The afternoon’s service was much less bleak as friends and family paid tribute to Dan and we thanked God for him. There was nothing bleak about Dan.  He lived life to the full, with an inventive mind, a keen sense of humour and huge character.  Some have said “What a waste”.  And in a sense it is utterly tragic that his life was cut short at 16 years.  But Dan didn’t waste his life.  I think I wasted opportunities to know him better and be a better uncle, but having said that, I know that what is, is; and what has been, has been.  Every day is precious, whether you’re 96 or 16, and each person puts worth into each day for those they love and maybe those further afield.  But no one lives for ever … yet.

My sister and my brother-in-law have been amazingly gracious and positive. They have lost their son, but they have refused to blame anyone for his death.  They have engaged graciously with the intrusion of the media to put a positive message out to other young people.  They have started up a charity to promote that message – The Daniel Spargo Mabbs Foundation.  There’s a link to it in this blog’s list of interesting links.

Dan knew all about drugs. He was clever and articulate, from a caring home, with loving, educated parents who took an active interest in his activities.  He did, however, have an adventurous nature, like many teenage boys.  He got to experiment with drugs once.  Drugs like ecstasy, MDMA, and other so-called recreational drugs cause many deaths (30 from ecstasy in the UK in 2013).  Most people who use them don’t react and don’t die as a result, but some do.  There was nothing remotely recreational about a 16-year-old boy with umpteen tubes sticking out of him and machines working his lungs and kidneys, lying unconscious, slowly dying.  People have argued that maybe he took the tablet in the wrong way, or too quickly, or whatever.  The fact remains that if he hadn’t taken it at all he would still be alive.  We live in an addicted culture where we tend to excuse our addictions and the various substances and habits to which we are addicted; in which young people are dying because of drugs or alcohol.  These things wreck lives and I don’t care what you think about prohibition and moderation – my lovely nephew is buried under a pile of mud in a Croydon cemetery because of one little tablet.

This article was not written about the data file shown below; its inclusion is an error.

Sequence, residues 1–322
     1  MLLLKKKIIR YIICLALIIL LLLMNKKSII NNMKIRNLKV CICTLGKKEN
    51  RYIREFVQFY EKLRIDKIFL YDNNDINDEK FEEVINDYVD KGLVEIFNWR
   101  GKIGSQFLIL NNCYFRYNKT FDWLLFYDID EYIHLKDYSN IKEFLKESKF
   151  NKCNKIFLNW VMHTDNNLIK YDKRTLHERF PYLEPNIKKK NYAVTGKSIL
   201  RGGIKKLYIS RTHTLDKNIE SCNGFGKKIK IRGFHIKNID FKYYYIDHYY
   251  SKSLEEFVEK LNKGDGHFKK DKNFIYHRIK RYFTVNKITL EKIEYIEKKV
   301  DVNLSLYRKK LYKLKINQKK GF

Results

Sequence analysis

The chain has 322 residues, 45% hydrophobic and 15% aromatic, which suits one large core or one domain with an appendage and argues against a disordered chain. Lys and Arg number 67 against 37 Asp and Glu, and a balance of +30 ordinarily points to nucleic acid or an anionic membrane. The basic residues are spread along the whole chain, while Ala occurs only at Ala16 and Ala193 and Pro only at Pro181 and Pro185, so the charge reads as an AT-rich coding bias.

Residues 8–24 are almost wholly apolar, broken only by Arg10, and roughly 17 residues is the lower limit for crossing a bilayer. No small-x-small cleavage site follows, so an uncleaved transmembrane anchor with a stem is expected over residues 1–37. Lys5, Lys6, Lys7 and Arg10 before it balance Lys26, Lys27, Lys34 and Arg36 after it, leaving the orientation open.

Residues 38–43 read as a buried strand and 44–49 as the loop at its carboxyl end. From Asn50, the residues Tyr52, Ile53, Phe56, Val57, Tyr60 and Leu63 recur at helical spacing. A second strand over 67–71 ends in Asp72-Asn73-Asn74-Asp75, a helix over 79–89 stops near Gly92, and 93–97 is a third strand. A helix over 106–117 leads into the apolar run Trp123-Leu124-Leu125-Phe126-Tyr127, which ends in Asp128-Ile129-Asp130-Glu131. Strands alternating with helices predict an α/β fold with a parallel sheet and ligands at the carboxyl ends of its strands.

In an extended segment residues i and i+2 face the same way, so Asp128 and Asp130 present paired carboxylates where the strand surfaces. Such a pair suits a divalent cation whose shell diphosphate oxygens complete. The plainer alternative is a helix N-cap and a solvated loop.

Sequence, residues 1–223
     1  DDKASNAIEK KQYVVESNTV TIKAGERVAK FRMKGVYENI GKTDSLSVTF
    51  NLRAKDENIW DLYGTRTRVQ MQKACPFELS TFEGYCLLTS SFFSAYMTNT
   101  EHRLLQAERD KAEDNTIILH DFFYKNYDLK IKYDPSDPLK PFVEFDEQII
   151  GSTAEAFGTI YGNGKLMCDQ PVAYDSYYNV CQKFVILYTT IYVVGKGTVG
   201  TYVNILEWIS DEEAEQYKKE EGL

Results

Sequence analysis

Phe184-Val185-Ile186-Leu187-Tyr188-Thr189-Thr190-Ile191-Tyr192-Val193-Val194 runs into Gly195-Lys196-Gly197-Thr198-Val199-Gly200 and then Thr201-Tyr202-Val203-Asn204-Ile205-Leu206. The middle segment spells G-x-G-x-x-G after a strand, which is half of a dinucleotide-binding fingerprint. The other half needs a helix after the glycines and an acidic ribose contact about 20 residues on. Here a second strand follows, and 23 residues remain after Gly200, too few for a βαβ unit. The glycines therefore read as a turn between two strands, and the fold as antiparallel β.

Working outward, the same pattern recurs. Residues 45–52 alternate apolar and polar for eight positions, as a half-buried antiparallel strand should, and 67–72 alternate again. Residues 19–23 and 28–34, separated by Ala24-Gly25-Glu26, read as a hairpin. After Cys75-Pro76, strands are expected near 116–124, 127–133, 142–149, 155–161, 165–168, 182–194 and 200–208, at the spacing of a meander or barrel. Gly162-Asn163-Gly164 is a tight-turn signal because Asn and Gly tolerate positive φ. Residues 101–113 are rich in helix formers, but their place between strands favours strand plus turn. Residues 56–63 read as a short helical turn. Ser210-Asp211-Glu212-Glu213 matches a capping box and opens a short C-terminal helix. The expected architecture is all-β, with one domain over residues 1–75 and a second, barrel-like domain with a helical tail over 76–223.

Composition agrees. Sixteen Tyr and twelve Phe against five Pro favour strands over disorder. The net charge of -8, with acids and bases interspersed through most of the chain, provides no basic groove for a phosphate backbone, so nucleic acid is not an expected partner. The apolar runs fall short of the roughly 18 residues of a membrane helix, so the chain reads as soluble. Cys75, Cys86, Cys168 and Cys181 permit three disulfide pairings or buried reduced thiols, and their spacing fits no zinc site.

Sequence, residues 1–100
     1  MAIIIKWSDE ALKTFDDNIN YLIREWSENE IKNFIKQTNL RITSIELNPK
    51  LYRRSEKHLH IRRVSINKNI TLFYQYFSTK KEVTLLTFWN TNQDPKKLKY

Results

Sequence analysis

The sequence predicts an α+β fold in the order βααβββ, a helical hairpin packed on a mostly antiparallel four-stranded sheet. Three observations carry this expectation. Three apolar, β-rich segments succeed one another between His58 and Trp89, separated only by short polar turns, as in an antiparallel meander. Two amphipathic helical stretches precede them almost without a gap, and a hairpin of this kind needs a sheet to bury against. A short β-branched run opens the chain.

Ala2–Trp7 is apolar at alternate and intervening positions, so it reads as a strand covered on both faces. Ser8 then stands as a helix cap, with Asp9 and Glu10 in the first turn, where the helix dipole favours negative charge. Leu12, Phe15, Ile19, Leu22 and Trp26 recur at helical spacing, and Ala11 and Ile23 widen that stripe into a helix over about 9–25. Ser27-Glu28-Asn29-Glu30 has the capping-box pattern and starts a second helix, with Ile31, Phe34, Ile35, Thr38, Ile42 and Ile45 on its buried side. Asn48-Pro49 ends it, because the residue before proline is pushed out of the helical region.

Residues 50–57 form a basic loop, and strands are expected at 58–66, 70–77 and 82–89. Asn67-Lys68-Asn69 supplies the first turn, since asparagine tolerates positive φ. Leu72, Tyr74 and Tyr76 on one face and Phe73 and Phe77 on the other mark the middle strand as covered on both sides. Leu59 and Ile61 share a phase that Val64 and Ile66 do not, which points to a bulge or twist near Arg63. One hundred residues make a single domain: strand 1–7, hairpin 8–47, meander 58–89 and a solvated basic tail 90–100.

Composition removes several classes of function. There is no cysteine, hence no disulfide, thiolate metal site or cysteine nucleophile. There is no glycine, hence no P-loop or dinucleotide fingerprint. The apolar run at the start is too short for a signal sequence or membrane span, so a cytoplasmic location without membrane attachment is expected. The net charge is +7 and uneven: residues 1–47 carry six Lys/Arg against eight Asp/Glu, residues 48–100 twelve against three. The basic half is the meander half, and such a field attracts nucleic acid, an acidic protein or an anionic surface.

I hadn’t meant this to turn angry.  I think I’m angry, at least in part, because I recognise my own addictive behaviours and my failure to reach out and build better relationships and contribute to a stronger community in which we value and care for others.  Blame is one of our culture’s addictions.  In reality we are all part of a system, part of a culture, in which we are all to blame but in which the hope for change and cure lies with all of us, too.  We (me included)  need to choose life and love over death.

May Dan rest in peace and rise in glory.